Anyone for some red cabbage mush?

From Bambi legged Vogue models to wobbly lady guts splashed across the cover of Heat magazine, you can’t pass a newsstand without being assaulted by the phrase ‘bikini body’. So it’s no surprise the Twittersphere is awash with women keen to minimise their waistline with a brand new spangly detox programme. “Reboot your metabolism” the adverts scream. “Kick start a whole new attitude to eating!” Sounds *almost* appealing when you put it like that.

But just because Gywneth Paltrow survives on macrobiotic bunny food doesn’t mean it’s actually healthy. Although people swear by the feel good factor that accompanies three days of cranberry flavoured starvation, several scientists have come forward to debunk the ‘healthy detox’ myth. David Bender, a leading emeritus professor of nutritional biochemistry,* dismissed the idea as ‘a marketing push’. He told the Telegraph that the idea of self healing and raised energy levels was ‘nonsense’ and the so called ‘accumulated toxins’ have no effect on metabolism. Basically the only healthy way to lose excess blubber or gain the energy of a baby lamb on a spring day is to eat a well balanced diet (yes, the kind with carbs) and do exercise. (The kind with running. Urgh.)

Apart from TV’s resident ketchup nazi Gillian McKeith (who falsified her nutritional qualifications for a prime time slot), I’ve never heard a health expert advocate raw food or celery puree diets. And who would take dietary advice from a woman whose hobbies include examining human excrement and forcing lurid pond scuzz cocktails down the throats of morbidly obese families? (By contrast the hundreds of scientists who’ve claimed detox diets are total bollocks ALL have degrees. Just saying.)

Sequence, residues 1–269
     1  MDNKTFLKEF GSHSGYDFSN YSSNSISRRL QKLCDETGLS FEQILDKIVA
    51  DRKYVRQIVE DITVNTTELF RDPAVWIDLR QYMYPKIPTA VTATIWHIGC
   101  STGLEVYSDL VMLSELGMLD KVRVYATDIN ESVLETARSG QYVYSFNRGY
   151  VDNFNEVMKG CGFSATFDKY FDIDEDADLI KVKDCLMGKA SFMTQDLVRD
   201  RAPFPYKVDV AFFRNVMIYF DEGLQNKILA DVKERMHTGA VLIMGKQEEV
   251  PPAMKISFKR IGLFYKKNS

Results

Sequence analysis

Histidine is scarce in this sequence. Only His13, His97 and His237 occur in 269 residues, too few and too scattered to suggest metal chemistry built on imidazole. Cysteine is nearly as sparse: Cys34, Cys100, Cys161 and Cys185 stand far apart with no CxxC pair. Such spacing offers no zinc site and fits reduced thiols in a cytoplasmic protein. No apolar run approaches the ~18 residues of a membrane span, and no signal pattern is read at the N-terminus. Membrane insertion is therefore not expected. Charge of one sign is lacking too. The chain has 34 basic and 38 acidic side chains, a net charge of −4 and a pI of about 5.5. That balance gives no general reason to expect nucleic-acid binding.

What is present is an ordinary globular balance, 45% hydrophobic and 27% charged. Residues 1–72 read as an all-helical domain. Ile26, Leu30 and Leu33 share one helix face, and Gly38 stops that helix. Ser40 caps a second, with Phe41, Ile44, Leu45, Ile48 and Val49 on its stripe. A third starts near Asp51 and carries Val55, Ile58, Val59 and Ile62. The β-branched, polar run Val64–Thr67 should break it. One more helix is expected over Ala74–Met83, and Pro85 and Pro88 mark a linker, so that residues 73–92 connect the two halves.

Nutritional value aside, my biggest bug bear with the detox fad is the price tag. Whilst some women might head to the local Tesco for a bag of oranges, the majority of programmes I read about involve paying upwards of £200 for a company to deliver a selection of juices and packaged meals to your door. Convenient perhaps, but doesn’t Sainsbury’s have exactly the same home delivery system for approximately a fifth of the price? If I wouldn’t spend this kind of money on food that actually fills me up, why would I pay to feel hungrier than an angry bear recently awoken from hibernation?

Assuming the extortionate cost isn’t enough to put you off, consider this: It’s fucking horrible. Remember that rumbly tumbly growly feeling you get when you’ve not had your Weetabix? Imagine that, but for a week. Or worse, a whole month. Humans are meant to eat food every day, not go through short bursts of deliberate starvation. Do you think the ancient Egyptians ever thought ‘cripes, my arms are looking jiggly in this loincloth dress, better stick to chick pea puree this week’? No. Exactly.

So in summary, I’ll say this: Life is too short to worry about whether some new fad diet will eliminate those squishy bits near your bum. And if you do feel the need for a sudden health kick, there’s better ways to do it than exchanging £300 for some bottles of liquidised grass with a fancy pants label. This summer I’ll be shunning detox diets in favour of spending time with the love of my life; cake. I invite you to join me.

*No, I don’t know what it means either.